Freshman Rep. Larry Bucshon (R-Ind.) appears to have the edge on Tea Party challenger Kristi Risk (R) in their May 8 primary, but he’s taking no chances in the race — and his heavy spending and efforts to solidify conservative support could hurt him in the general election.
Bucshon narrowly beat Risk in 2010, besting her in a crowded Republican field by a four-point margin.
Risk has struggled mightily with fundraising, and many of the national groups that have backed Tea Party challengers in other races haven’t stepped in to help her. But local observers say she’s worked hard at the ground game, forcing him to focus on the primary rather than pivot to the general election in the swing district.
Bucshon’s campaign isn’t taking anything for granted: he’s spending more than $100,000 on television advertising ahead of the primary, money that goes a long way in the inexpensive Evansville and Terre Haute media markets.
“I feel good about what we’re doing on the campaign side,” said Bucshon campaign manager Patrick Murphy. “We’re hitting it on every level — we’ve got the fundraising, media, direct mail and the grassroots all going.”
Besides voting with most other Republicans on the debt-ceiling compromise, Bucshon has left little daylight to his right — both the National Rifle Association and Indiana Right to Life have endorsed him in the primary.
“Larry has a very conservative record based on his principles and he’s proud of it,” said Murphy. “Larry is a Tea Party candidate and his views are right in line with the majority of Tea Party members.”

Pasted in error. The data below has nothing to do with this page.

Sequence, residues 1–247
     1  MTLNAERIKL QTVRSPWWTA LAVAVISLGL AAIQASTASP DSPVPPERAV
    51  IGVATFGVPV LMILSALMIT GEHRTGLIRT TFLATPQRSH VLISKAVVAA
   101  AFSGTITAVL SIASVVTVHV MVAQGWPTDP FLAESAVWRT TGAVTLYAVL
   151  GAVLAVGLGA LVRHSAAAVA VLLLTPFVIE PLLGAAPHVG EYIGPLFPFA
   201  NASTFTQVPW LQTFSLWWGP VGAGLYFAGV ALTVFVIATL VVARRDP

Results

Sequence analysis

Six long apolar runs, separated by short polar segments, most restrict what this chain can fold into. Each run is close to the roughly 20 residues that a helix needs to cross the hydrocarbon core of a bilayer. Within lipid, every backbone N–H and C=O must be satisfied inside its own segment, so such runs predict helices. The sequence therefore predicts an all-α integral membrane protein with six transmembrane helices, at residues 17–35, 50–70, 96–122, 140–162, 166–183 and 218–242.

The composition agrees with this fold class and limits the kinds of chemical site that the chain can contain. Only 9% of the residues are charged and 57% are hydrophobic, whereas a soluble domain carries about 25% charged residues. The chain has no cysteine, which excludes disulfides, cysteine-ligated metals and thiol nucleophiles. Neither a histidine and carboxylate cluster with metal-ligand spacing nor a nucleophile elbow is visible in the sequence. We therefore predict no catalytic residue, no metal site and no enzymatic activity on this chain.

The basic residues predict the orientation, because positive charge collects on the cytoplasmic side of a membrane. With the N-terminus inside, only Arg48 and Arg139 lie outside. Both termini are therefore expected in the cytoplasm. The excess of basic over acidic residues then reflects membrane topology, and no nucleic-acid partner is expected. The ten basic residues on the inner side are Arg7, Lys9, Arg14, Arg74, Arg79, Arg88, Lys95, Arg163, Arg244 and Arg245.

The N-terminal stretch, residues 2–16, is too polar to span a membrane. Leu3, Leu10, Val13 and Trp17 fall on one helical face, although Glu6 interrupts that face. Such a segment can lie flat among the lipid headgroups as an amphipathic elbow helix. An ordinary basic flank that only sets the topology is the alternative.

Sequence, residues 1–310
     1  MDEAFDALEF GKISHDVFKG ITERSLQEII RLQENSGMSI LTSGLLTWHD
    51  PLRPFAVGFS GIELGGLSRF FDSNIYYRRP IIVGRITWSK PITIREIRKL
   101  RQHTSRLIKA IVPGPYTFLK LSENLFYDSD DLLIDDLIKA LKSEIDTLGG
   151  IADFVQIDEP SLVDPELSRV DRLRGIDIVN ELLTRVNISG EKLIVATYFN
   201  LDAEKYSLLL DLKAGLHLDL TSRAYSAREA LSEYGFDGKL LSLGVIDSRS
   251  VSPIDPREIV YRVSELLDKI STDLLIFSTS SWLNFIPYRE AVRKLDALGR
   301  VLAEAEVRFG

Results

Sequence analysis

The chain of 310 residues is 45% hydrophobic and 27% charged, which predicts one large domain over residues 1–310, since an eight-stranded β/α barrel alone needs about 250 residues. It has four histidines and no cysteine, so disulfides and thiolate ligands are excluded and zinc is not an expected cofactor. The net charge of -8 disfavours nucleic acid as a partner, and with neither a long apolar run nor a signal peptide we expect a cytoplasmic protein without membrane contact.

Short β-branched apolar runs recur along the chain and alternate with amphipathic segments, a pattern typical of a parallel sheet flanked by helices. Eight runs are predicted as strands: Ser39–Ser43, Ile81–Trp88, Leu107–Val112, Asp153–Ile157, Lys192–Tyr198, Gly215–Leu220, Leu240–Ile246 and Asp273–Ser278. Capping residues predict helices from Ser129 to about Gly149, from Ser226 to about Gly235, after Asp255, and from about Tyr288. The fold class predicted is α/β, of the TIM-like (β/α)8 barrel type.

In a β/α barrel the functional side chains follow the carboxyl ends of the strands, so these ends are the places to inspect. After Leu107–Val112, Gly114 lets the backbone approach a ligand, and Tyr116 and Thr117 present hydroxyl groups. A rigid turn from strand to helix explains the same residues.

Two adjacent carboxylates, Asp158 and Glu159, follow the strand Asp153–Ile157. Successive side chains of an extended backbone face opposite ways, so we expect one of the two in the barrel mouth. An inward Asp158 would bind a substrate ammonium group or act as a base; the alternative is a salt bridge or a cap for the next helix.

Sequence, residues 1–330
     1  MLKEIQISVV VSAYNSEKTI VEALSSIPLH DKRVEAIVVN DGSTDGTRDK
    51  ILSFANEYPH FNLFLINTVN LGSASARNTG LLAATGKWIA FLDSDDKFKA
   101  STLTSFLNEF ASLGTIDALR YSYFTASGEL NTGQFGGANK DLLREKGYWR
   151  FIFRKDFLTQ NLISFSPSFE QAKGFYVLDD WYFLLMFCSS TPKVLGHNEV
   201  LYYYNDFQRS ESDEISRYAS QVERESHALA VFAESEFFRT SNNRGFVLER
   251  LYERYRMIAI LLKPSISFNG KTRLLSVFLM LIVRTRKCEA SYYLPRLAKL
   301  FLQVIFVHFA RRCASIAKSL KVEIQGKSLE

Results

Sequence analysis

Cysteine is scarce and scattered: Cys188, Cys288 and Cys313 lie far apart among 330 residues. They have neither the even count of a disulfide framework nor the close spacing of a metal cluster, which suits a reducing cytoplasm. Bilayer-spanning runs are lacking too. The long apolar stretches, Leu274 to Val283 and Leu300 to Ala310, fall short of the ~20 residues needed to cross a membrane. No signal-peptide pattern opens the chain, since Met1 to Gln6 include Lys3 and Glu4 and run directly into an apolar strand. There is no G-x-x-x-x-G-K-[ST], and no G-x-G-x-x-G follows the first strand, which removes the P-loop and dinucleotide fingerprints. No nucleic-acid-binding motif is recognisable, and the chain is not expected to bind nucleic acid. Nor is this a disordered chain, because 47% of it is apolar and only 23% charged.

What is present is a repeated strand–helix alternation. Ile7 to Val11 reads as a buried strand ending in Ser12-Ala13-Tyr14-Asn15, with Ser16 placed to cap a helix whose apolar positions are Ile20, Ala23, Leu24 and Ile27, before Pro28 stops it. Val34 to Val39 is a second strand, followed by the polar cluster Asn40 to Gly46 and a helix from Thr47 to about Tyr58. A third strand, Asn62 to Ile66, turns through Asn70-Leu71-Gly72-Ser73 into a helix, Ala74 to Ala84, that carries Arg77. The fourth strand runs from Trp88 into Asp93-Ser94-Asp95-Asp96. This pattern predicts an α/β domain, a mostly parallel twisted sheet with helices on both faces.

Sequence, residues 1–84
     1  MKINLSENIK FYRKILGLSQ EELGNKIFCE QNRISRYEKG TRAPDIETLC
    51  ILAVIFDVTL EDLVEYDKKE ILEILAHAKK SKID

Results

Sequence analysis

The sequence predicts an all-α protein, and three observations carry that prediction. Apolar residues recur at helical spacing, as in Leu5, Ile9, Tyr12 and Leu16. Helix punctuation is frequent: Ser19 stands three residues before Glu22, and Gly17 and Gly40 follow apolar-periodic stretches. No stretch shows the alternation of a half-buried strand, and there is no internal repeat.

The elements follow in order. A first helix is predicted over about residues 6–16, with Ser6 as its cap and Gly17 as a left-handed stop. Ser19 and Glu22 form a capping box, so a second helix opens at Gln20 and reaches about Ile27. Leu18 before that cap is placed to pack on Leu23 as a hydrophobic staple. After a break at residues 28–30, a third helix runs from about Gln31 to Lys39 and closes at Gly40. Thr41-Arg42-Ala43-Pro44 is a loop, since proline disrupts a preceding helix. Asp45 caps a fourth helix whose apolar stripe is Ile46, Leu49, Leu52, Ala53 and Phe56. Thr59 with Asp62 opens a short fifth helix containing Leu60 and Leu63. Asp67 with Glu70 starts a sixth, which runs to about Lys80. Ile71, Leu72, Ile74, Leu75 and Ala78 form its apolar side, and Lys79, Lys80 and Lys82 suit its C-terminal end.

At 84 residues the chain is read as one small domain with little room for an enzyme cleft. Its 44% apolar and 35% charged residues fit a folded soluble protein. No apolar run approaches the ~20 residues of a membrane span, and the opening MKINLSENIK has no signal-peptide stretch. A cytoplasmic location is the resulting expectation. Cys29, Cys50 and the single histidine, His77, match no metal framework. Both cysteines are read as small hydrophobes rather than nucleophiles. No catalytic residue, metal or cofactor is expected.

“Risk is being energetic, showing up everywhere … but I think Bucshon is going to pull it out,” said Brian Howey, the editor of the respected newsletter Howey Politics Indiana. “You have to take her seriously, but I’m not sure I see an upset brewing.”
But a primary win doesn’t guarantee Bucshon a return to Congress. While the district is culturally conservative, it has swung back and forth between the parties in recent elections and became slightly more Democratic in redistricting. Democrats are high on their recruit there, former Indiana state Sen. Dave Crooks (D), a social conservative who is a well-known radio personality in the district.
The Democratic Congressional Campaign Committee recently added him to their “Red to Blue” list of top recruits, and the Blue Dog PAC, which backs fiscally conservative Democrats, endorsed him this week.
His voting record has helped in the primary — but could cost him in the general election. Crooks has already criticized him for voting for the Rep. Paul Ryan (Wis.) Republican budget, which would partially privatize Medicare.
The money he’s been forced to spend on the primary also could have been used in the general election — Crooks outraised him in the last quarter and has nearly matched him in cash on hand.
While Bucshon’s primary opponent Risk has run an active campaign, she has raised only $60,000 total for the race and had less than $8,000 in the bank as of the beginning of May.
She argues, though, that her efforts on the ground matter more than her lack of television ads. “I’ve put 30,000 miles on my car for this race,” she told The Hill. “We had a lot of grassroots support last time and we’ve got a lot of Republican support, elected officials across the district who are supporting us and I think we have a really good shot. I’m very confident.”